Paul Nungesser, the man Emma Sulkowicz accused of sexual assault, is still hell-bent on receiving compensation for what he believes to be the gender discrimination he faced while he was a student at Columbia University.
But it's not going so well.
According to DNAinfo, a judge has dismissed Nungesser's second attempt at suing the university for supposedly violating its Title IX policy by allowing Sulkowicz to perform her "Carry That Weight" mattress art project on campus. Sulkowicz had pledged to carry her dorm mattress around campus every day until Nungesser was expelled, which amounted to her carrying it across her graduation stage in 2015.
Nungesser, however, claimed that Sulkowicz had allowed reporters to stalk and defame him, calling him a "serial rapist" — a term Nungesser's lawyer referred to as a gendered slur. The suit goes on to identify Nungesser as a "male victim of gender-based harassment."
Judge Gregory Woods has thrown out Nungesser's latest suit "with prejudice," which DNAinfo reports means he won't be able to file another.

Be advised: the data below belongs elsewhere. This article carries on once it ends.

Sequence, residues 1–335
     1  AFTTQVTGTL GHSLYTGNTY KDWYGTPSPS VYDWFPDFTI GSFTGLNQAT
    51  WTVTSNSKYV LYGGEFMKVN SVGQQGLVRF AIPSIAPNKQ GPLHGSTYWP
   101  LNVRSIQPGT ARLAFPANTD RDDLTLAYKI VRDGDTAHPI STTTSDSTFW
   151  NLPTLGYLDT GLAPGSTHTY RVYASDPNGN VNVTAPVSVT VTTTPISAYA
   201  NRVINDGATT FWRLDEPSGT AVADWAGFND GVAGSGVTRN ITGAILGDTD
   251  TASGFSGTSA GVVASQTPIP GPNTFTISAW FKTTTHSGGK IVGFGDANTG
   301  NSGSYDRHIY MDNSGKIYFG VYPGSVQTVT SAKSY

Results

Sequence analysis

In his decision, Woods wrote that while Nungesser's lawyers made it clear his senior year at Columbia was "neither pleasant nor easy," they have no proof Nungesser suffered from gender-based harassment.
But despite having his suit struck down twice in just as many years, Nungesser is determined to keep arguing his case.
"We have carefully reviewed Judge Woods' decision, and believe it to be erroneous in a number of critical areas," Nungesser's attorney Andrew Miltenberg said in a statement, adding that he believed Woods had been "dead set" against his client.
"We are confident that the U.S. Court of Appeals for the Second Circuit will reinstate the case."